Over the weekend - candidates and volunteers knocked on doors, shook hands - and in some cases went grocery shopping - as they tried to make their final get out the vote push.

NHPR’s Lauren Chooljian and Josh Rogers were also on the trail.

Via Twitter

If you catch Gov. Chris Sununu at the State House or on the campaign trail, it generally won’t be long before he drops a certain biographical tidbit:

“I’m an engineer by trade, a civil and environmental engineer....” “My focus as an environmental engineer…” “I was an environmental engineer…. “I love the concept, I’m an environmental engineer...”

But by the governor’s own accounting, it’s been a decade since he's really worked as an engineer. And Sununu’s political opponents have questioned his professional credentials for years.

allegra boverman for NHPR

Governor Chris Sununu and the Democrat hoping to replace him, former State Senator Molly Kelly met in debate last night on NHPR. Joining me now to discuss is Josh Rogers.

OK. Josh, last night’s debate at Manchester Community College was the second of the general election, but the first for live statewide broadcast – and by the way we’ll be playing that debate back at 9am. You and Laura Knoy were asking the questions. So what in this debate stood out for you?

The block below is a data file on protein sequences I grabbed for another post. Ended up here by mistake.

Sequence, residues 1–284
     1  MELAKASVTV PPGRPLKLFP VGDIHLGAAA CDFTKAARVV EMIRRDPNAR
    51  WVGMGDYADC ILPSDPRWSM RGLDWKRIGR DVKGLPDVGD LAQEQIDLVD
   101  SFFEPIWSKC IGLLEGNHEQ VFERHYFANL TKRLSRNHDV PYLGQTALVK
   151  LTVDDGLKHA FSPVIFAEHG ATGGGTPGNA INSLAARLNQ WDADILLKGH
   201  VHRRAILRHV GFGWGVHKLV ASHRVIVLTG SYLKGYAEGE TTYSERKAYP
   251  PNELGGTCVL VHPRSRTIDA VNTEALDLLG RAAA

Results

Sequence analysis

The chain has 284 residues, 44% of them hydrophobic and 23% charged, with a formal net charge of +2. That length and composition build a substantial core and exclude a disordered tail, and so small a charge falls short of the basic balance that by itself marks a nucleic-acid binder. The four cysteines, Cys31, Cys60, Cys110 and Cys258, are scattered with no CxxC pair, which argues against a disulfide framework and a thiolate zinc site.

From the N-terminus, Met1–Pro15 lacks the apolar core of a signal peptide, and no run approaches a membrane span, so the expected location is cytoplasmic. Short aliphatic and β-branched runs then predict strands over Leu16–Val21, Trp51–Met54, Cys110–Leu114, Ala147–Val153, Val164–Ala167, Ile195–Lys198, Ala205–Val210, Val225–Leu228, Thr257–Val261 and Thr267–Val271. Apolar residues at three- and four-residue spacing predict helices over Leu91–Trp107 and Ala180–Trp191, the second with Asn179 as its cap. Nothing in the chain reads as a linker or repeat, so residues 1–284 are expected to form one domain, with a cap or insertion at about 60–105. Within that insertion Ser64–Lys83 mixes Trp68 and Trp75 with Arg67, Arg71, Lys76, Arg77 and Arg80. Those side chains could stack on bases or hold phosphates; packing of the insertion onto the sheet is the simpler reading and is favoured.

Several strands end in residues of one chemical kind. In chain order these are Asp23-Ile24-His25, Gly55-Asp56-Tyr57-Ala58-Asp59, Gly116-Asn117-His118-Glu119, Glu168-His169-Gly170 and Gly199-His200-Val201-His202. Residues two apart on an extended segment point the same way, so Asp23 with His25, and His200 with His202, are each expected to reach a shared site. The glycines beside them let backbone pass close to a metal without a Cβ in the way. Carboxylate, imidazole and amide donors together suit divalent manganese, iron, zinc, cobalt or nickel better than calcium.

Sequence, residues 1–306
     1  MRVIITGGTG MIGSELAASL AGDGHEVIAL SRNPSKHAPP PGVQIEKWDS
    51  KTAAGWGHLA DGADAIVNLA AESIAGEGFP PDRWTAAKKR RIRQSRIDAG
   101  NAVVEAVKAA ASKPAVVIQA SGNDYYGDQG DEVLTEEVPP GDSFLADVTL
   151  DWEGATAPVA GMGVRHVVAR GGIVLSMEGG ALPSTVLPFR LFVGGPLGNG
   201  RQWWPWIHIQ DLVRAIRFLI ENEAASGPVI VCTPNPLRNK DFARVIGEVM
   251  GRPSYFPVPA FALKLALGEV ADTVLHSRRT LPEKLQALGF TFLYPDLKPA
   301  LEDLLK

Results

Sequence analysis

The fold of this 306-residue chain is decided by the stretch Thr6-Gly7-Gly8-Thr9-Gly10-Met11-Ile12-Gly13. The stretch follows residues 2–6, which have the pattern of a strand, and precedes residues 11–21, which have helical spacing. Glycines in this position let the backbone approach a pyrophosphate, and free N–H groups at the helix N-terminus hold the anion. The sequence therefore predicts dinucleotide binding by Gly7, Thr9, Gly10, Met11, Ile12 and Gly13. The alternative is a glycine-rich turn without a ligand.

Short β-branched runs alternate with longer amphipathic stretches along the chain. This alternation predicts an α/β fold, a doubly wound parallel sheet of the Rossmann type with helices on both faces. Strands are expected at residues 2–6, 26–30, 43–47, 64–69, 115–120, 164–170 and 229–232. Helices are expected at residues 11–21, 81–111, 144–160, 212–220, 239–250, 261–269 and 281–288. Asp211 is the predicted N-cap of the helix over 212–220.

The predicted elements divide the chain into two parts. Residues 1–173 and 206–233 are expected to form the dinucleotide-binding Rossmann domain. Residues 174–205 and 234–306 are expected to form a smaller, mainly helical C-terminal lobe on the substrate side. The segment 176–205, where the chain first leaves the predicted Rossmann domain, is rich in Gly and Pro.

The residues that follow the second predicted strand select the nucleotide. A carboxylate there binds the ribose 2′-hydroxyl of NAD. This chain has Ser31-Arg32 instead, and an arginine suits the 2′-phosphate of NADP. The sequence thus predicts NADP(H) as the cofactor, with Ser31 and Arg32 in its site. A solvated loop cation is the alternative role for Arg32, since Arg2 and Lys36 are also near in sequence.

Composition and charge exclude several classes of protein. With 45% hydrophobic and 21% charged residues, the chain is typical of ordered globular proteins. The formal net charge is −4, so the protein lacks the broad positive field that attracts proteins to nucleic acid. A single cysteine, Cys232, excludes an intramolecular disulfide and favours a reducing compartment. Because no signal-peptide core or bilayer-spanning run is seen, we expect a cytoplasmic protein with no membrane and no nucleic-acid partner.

Jason Moon for NHPR

Chris Sununu is popular incumbent governor from a political family of national prominence. He also enjoys the social aspects of poltics.

You’d think he’d be a prolific political fundraiser.

But a look at Sununu’s fundraising totals for this election – about $1.5 million – would prove you wrong.

Allegra Boverman for NHPR

Republican Governor Chris Sununu holds a comfortable lead over Democratic challenger Molly Kelly. That's according to a new UNH poll that finds Sununu ejoying stronger partisan support, but says Democrats are more motivated to vote.

Click here to read the poll results

Fifty percent of those polled by UNH say they plan to vote for Sununu; 39 percent say they'll vote for Kelly.

Allegra Boverman for NHPR

Governor Chris Sununu is entering the final stretch of his reelection effort with a $200,000 financial edge over Democratic challenger Molly Kelly. But Kelly has outraised Sununu 3 to 1 since the state primary.

Sununu’s campaign has collected close to $1.5 million in overall donations but only $110,000 since last month’s primary. Kelly, meanwhile has hauled in nearly $350,000 over the same period. The bulk of Kelly’s money is derived from donations less than $100.

josh rogers / nhpr

Hospitals will operate seven of the nine hubs at the center of the Sununu administration's newly designed approach to treating substance abuse. But despite the promise of millions of dollars in aid, no hospitals in Manchester or Nashua chose to participate in the program.